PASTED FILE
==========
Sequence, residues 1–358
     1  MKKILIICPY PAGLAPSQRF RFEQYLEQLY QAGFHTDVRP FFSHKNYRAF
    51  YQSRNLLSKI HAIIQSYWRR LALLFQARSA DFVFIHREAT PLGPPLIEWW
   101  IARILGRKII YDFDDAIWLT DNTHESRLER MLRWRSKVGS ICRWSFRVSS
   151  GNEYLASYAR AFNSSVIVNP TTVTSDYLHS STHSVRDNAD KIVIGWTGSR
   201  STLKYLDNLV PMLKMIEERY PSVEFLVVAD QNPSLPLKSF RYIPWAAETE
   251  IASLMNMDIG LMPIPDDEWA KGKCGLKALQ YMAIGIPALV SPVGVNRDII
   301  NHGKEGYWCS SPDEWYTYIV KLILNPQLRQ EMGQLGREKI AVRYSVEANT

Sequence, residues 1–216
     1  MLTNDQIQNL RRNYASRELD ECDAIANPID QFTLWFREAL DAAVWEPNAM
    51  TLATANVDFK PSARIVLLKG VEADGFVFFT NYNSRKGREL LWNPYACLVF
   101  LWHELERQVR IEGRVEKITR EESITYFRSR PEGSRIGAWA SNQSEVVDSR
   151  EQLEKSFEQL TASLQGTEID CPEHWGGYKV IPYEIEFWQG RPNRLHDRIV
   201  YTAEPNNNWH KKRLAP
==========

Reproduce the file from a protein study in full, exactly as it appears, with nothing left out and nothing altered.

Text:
Sequence, residues 1–358
     1  MKKILIICPY PAGLAPSQRF RFEQYLEQLY QAGFHTDVRP FFSHKNYRAF
    51  YQSRNLLSKI HAIIQSYWRR LALLFQARSA DFVFIHREAT PLGPPLIEWW
   101  IARILGRKII YDFDDAIWLT DNTHESRLER MLRWRSKVGS ICRWSFRVSS
   151  GNEYLASYAR AFNSSVIVNP TTVTSDYLHS STHSVRDNAD KIVIGWTGSR
   201  STLKYLDNLV PMLKMIEERY PSVEFLVVAD QNPSLPLKSF RYIPWAAETE
   251  IASLMNMDIG LMPIPDDEWA KGKCGLKALQ YMAIGIPALV SPVGVNRDII
   301  NHGKEGYWCS SPDEWYTYIV KLILNPQLRQ EMGQLGREKI AVRYSVEANT

Sequence, residues 1–216
     1  MLTNDQIQNL RRNYASRELD ECDAIANPID QFTLWFREAL DAAVWEPNAM
    51  TLATANVDFK PSARIVLLKG VEADGFVFFT NYNSRKGREL LWNPYACLVF
   101  LWHELERQVR IEGRVEKITR EESITYFRSR PEGSRIGAWA SNQSEVVDSR
   151  EQLEKSFEQL TASLQGTEID CPEHWGGYKV IPYEIEFWQG RPNRLHDRIV
   201  YTAEPNNNWH KKRLAP